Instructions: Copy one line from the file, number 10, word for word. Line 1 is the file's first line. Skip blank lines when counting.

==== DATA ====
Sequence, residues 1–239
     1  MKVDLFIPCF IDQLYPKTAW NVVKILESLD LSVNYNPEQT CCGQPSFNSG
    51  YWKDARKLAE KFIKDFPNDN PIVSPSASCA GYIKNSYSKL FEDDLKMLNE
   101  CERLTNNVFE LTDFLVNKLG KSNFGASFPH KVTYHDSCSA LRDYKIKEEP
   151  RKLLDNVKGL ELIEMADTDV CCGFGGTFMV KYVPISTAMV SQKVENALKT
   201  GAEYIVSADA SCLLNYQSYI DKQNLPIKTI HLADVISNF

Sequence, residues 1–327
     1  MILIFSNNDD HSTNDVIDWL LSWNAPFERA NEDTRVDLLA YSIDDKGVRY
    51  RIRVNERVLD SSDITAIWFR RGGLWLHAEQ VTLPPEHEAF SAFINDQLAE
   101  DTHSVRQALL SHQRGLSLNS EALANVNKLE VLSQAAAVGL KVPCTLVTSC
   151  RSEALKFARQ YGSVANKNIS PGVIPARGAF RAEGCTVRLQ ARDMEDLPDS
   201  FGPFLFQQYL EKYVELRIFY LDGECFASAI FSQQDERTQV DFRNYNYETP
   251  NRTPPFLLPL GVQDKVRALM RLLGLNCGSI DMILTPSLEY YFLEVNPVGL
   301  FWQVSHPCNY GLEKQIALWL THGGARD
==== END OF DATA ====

   101  DTHSVRQALL SHQRGLSLNS EALANVNKLE VLSQAAAVGL KVPCTLVTSC